This category of psalm is based entirely upon the thematic elements of God’s promised Davidic dynasty and his universal kingdom. Thus, the theocratic kingship psalms are set apart from other psalm categories by their emphasis on Israel’s king. As such, these psalms may also be referred to as “royal” or even “messianic” psalms, as is found in popular literature. Because this category does not include rhetorical elements, a theocratic kingship psalm may also be lament psalm as is the case in Psalm 144 or a thanksgiving psalm as in Psalm 18. When I interpret a psalm as a lament psalm, such as in Psalm 144 and clearly see a thematic emphasis on Israel’s king, I categorize this as a “royal lament.” Since Psalm 18 is a thanksgiving psalm and it has a focus on the success of the Davidic dynasty (see vv. 43–50), this would be a “royal thanksgiving psalm.”

In these psalms Israel’s king may be specifically referred to as “David,” the “king” or “anointed.” These psalms are predicated upon the promises given to David in the Davidic Covenant (see 2 Sam 7 and 1 Chr 17). The promises given in the Davidic Covenant focused upon David’s having an eternal and universal kingdom and a ruling dynasty, which, in light of progressive revelation, culminates in Jesus Christ. These promises are incorporated into many aspects of the theocratic kingship psalms. The Davidic Covenant is the prophetic foundation upon which many of the prophetic elements are poetically set forth in this type of psalm. Consequently, the theocratic kingship psalms may contain prophetic elements that point directly or indirectly to Jesus the Messiah and his universal kingdom (see Wendland, Analyzing the Psalms, pp. 49–50). However, because most of these psalms do not find an immediate fulfillment in Jesus Christ, I prefer to call them either "theocratic kingship" or "royal" psalms. However, there is in my opinion one royal psalm, Psalm 110, that is the most directly Messianic psalm (see the helpful article by Detroit Baptist Theological Seminary’s assistant librarian, John Aloisi, "Who Is David’s Lord? Another Look at Psalm 110:1," Detroit Baptist Seminary Journal, 10 (2005) [this article may be obtained by clicking here or by mailing your request to Detroit Baptist Seminary Journal, 4801 Allen Road, Allen Park, MI 48101]).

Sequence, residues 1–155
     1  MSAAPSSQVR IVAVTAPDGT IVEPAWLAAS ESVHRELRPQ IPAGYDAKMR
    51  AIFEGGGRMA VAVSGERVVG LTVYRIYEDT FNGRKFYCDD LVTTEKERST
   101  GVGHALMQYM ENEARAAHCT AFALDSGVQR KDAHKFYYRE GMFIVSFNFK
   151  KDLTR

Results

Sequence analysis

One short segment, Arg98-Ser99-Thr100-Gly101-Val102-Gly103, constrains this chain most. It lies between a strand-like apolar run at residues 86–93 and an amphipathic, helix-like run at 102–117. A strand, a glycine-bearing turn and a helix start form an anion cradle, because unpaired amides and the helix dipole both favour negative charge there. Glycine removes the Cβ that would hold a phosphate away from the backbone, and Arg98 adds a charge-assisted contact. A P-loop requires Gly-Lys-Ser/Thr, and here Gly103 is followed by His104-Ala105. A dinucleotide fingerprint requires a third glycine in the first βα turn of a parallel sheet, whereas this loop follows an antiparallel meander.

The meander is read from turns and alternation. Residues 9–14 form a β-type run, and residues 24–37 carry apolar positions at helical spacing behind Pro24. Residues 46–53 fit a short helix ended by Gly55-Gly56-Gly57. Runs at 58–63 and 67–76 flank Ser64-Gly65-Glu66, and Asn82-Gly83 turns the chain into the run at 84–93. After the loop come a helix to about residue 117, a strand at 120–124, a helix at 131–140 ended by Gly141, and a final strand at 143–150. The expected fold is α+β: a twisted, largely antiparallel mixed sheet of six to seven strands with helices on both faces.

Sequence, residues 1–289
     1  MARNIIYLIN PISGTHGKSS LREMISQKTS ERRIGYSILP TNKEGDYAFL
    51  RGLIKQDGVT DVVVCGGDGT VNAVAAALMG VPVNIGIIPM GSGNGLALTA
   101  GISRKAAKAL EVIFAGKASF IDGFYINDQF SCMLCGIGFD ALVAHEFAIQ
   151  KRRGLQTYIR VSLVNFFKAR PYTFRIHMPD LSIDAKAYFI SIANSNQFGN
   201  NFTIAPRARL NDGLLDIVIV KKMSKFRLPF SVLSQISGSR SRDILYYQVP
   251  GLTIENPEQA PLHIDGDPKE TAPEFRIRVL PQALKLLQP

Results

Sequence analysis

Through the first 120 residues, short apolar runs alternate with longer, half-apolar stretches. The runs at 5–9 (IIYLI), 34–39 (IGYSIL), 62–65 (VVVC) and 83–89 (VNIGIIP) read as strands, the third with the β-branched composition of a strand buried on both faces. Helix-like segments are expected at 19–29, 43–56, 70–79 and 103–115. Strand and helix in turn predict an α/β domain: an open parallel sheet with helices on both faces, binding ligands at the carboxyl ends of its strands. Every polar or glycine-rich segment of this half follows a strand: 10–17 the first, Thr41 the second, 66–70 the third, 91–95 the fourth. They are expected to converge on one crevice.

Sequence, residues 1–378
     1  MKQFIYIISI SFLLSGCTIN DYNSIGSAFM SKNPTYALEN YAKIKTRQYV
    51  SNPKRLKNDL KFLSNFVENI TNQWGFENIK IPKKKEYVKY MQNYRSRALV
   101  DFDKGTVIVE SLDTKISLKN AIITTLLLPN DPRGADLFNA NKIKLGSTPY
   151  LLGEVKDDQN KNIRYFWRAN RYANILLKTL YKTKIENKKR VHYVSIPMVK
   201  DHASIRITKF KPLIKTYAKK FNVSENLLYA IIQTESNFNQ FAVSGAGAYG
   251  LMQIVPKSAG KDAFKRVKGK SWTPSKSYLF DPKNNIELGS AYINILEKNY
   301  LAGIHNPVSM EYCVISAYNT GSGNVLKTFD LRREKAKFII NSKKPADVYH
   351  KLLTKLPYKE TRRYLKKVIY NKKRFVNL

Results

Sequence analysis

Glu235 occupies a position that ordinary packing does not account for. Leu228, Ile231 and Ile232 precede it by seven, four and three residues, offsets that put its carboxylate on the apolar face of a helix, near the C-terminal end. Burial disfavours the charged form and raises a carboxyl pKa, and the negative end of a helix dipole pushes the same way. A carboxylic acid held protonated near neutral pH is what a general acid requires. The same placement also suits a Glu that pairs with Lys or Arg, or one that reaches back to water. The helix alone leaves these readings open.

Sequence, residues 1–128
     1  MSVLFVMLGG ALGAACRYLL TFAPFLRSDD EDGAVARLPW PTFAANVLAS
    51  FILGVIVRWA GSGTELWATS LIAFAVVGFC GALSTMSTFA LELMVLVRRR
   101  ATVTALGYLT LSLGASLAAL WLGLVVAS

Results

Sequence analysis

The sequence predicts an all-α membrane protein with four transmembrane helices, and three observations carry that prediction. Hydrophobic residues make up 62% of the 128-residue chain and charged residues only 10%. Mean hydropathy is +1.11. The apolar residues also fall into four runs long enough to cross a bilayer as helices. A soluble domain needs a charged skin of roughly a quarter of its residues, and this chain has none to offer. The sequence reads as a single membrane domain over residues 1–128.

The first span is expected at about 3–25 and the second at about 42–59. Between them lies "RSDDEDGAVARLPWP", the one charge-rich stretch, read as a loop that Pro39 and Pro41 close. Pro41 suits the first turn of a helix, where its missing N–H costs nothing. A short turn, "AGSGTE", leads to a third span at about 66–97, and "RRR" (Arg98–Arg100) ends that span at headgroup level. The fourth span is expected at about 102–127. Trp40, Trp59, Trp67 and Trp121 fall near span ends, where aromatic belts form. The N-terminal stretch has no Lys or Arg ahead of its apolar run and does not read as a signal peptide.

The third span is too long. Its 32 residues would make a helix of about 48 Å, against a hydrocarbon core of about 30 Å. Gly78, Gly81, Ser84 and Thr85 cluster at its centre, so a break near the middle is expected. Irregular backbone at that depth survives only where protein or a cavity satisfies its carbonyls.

With this post, my objective has been to introduce you to the kingship & covenant renewal genre, with a more specific focus on the theocratic kingship psalms, with Psalms 2 as our focus. In the next two posts, I will focus on the development of Psalm 2’s message.

Applying the Wisdom of Psalm 1

With my post on September 23, “The Wisdom of Psalm 1,” we saw that Psalm 1 is a wisdom psalm that has a precise structural arrangement. Presently, I will identify the basic message of this psalm with a focus on its contemporary applicability.

Initially, we should look for the subject of Psalm 1. What is helpful to remember is that various writers of the psalms introduce their subjects within the first few verses of each psalm. In Psalm 1 the subject is found in v. 1: “the blessedness of the godly man.”